After the Envy of Old Strangers


I had so much to say, and now there is not much to say at all.

A quietness is the need of the moment.

I used to walk so quickly, everywhere, for any reason, for no reason.

And now it is SLOW. So… slow.

I think it’s learned.

The days of racing around, sweating, killing myself for a buck every night. It had become a habit that spilled over into everything. The pace of stress, of urgency.

A state of panic was normal.

But we can also trace that back to a sad childhood. A university education can teach you skills, but it can’t teach you that you deserve to use them.

Those days are another life. This life is different.

It’s a Friday night and I could be the one to go out. I used to envy those who had the luxury. I’m not going to but I feel so lucky.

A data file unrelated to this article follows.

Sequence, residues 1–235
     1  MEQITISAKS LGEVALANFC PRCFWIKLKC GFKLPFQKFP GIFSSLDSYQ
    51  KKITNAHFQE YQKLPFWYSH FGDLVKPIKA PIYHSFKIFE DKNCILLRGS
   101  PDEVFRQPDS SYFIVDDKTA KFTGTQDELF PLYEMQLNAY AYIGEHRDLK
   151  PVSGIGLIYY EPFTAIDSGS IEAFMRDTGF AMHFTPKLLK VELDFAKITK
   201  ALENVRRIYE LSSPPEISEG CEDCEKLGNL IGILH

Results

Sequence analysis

This is my own kitchen table, by the window with the view of the hills, the neighbors’ yards and rooftops, a tall pine tree, fog rolling in over the evening. I can watch the sky go dark.

A flat of nectarines in front of me. A half-glass of wine.

Fish, rice, cauliflower – not much in the fridge right now but it’s enough for dinner.

I don’t need as much of everything as I used to. Too much, was routine. I don’t need to devour everything. I can just exist with it.

This didn’t happen overnight. It took two and a half years to begin to settle in.

Nothing is particularly urgent anymore, unless I want it to be. Emergency is no longer routine.

Emergency is no longer a lifestyle.

It’s so much more enjoyable. But mostly I am surprised by it.

I didn’t know it could be this way.

I never knew how anyone could be so calm.

I am grateful to be bored.